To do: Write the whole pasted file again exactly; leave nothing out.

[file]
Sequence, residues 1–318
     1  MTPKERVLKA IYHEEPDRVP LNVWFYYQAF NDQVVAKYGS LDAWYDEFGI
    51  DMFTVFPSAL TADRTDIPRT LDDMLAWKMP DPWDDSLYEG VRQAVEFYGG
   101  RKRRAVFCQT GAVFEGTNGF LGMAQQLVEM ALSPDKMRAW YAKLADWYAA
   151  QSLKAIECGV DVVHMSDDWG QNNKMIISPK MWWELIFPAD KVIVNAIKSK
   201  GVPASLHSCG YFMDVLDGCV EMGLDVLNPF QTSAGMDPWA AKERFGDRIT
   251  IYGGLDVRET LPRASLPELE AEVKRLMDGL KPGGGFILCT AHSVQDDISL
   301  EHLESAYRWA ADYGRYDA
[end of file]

Sequence, residues 1–318
     1  MTPKERVLKA IYHEEPDRVP LNVWFYYQAF NDQVVAKYGS LDAWYDEFGI
    51  DMFTVFPSAL TADRTDIPRT LDDMLAWKMP DPWDDSLYEG VRQAVEFYGG
   101  RKRRAVFCQT GAVFEGTNGF LGMAQQLVEM ALSPDKMRAW YAKLADWYAA
   151  QSLKAIECGV DVVHMSDDWG QNNKMIISPK MWWELIFPAD KVIVNAIKSK
   201  GVPASLHSCG YFMDVLDGCV EMGLDVLNPF QTSAGMDPWA AKERFGDRIT
   251  IYGGLDVRET LPRASLPELE AEVKRLMDGL KPGGGFILCT AHSVQDDISL
   301  EHLESAYRWA ADYGRYDA